In 1906, Remington Arms introduced the "Remington Auto-loading Repeating Rifle." Remington advertised this rifle, renamed the "Model 8" in 1911, as a sporting rifle. This is a locked-breech, long recoil action designed by John Browning. The rifle was offered in .25, .30, .32, and .35 caliber models, and gained popularity among civilians as well as some law enforcement officials who appreciated the combination of a semi-automatic action and relatively powerful rifle cartridges. The Model 81 superseded the Model 8 in 1936 and was offered in .300 Savage as well as the original Remington calibers.
Mexico with the Mondragón rifle (7x57 Mauser) was the first nation to use a semi auto rifle in battle, issued to regular troops (Mexican revolution 1910). Later France used a semi-automatic rifle the Fusil Automatique Modele 1917. This is a locked breech, gas-operated action which is very similar in its mechanical principles to the future M1 Garand in the United States. The M1917 was fielded during the latter stages of WWI but it did not receive a favorable reception. However its shortened and improved version, the Model 1918, gave complete satisfaction during the Moroccan Rif War from 1920 to 1926. The Lebel bolt-action rifle remained the standard French infantry rifle until replaced in 1936 by the (also bolt action) MAS-36 despite the various semi-automatic rifles designed between 1918 and 1935.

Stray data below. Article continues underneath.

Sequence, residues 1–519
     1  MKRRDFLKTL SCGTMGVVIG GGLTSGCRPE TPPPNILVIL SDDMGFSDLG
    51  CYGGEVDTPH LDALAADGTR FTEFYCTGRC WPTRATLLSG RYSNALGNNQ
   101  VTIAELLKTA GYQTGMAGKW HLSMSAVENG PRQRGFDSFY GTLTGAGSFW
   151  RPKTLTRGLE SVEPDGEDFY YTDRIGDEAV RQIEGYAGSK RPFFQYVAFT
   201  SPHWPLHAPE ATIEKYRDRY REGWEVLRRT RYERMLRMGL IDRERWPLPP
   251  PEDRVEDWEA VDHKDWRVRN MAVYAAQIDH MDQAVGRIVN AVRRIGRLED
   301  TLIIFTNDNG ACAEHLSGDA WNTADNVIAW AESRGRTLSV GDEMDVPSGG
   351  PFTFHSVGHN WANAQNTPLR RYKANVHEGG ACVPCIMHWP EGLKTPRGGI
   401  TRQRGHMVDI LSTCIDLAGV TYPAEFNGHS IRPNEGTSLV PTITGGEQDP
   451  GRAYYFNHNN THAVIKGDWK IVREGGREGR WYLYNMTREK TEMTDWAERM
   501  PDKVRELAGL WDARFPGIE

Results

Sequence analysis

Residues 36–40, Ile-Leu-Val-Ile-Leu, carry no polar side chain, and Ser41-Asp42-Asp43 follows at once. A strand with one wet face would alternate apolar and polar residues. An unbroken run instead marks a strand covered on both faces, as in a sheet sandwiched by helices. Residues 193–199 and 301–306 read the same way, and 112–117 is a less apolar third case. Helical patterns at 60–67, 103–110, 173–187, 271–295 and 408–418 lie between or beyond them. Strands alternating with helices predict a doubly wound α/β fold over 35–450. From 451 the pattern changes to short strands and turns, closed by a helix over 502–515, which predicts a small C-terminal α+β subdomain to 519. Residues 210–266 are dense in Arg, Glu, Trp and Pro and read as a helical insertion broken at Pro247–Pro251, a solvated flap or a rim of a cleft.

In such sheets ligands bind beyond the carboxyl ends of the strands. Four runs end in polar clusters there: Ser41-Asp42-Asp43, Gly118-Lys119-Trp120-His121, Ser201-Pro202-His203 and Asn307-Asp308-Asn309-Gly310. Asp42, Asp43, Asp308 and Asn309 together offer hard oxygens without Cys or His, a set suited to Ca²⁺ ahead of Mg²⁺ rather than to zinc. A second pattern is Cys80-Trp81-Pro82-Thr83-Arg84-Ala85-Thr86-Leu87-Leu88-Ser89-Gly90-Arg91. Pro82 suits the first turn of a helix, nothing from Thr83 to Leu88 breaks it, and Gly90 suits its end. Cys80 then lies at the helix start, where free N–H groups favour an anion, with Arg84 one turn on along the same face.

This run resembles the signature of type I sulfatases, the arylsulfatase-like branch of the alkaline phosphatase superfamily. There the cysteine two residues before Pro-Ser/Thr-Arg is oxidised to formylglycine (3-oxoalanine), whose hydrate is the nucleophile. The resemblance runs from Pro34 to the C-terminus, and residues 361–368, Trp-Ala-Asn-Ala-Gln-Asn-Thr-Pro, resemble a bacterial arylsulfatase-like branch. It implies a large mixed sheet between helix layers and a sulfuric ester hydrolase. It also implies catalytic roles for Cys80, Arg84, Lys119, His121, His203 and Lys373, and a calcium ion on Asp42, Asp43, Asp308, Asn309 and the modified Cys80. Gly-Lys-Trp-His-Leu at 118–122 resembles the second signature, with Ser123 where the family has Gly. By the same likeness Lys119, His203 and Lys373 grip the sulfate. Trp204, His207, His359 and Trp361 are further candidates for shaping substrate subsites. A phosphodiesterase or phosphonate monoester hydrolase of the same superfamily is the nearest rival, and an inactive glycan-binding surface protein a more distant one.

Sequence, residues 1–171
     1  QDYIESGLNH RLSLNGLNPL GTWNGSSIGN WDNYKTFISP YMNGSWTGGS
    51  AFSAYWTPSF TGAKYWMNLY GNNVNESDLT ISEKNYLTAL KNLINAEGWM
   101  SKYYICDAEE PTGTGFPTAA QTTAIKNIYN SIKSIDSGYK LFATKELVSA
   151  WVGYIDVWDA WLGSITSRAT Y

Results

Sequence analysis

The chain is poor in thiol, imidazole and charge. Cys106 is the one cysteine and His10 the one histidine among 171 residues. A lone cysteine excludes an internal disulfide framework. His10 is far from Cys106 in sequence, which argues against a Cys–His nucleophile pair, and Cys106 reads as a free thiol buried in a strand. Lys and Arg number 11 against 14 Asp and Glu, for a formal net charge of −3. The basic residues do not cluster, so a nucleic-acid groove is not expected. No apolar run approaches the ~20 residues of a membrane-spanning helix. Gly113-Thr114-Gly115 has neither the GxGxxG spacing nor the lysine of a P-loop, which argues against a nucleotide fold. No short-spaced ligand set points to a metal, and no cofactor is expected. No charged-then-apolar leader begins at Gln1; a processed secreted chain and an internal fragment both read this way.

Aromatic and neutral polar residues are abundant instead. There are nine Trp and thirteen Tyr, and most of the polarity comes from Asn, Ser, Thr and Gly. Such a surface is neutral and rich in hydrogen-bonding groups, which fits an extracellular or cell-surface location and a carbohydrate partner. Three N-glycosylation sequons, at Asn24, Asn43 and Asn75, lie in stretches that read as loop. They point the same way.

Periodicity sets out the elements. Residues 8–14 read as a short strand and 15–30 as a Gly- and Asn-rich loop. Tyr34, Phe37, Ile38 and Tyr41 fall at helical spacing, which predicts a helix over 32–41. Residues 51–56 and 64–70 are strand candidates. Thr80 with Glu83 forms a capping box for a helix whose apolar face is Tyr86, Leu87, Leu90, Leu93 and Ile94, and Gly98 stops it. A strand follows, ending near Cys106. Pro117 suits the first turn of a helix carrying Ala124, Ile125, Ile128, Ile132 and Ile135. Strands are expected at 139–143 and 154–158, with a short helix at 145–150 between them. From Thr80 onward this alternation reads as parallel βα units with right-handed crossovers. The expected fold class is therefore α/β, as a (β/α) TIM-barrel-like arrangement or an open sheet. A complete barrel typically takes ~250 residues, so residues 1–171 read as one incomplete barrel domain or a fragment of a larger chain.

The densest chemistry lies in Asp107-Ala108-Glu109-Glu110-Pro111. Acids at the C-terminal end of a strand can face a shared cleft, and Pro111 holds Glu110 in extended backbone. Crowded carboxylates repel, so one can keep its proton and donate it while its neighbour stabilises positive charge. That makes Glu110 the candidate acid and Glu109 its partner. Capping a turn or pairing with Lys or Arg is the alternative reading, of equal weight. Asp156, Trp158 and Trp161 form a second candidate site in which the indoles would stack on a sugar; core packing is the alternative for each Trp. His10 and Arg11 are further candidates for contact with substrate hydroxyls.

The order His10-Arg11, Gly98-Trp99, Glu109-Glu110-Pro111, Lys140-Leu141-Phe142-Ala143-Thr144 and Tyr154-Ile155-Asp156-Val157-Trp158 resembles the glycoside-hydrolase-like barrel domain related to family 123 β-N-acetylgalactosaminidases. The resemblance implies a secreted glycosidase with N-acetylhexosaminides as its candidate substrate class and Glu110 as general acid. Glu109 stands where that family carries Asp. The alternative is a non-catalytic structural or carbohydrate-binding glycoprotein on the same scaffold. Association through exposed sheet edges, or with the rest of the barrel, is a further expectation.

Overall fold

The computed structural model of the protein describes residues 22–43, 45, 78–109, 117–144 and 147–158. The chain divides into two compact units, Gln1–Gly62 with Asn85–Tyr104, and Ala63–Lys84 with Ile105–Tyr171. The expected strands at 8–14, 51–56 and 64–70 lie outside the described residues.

Other nations experimented with self-loading rifles between the two World Wars, including the United Kingdom, which had intended to replace the bolt-action Lee-Enfield with a self-loading rifle, but discarded that plan as the imminence of the Second World War and the emphasis shifted to speeding-up re-armament with existing weapons. The Soviet Union and Nazi Germany both issued successful self-loading and selective-fire rifles on a large scale during the course of the war, but not in sufficient numbers to replace their standard bolt-action rifles.
In 1937, the American M1 Garand was the first semi-automatic rifle to replace its nation's bolt-action rifle as the standard-issue infantry weapon. The gas-operated M1 Garand was developed by Canadian-born John Garand for the U.S. government at the Springfield Armory in Springfield, Massachusetts. After years of research and testing, the first production model of the M1 Garand was unveiled in 1937. During World War II, the M1 Garand gave American infantrymen an advantage over their opponents, most of whom were issued slower firing bolt-action rifles.
The Soviet AVS-36, SVT-38 and SVT-40, as well as the German Gewehr 43, were semi-automatic gas-operated rifles issued during World War II in relatively small numbers. In practice, they did not replace the bolt-action rifle as a standard infantry weapon of their respective nations.
Another gas-operated semi-automatic rifle developed toward the end of World War II was the SKS. Designed by Sergei Gavrilovich Simonov in 1945, it came equipped with a bayonet and could be loaded with ten rounds, using a stripper clip. However, the SKS was quickly replaced by the AK-47. It was the first widely issued rifle to use the 7.62×39mm cartridge.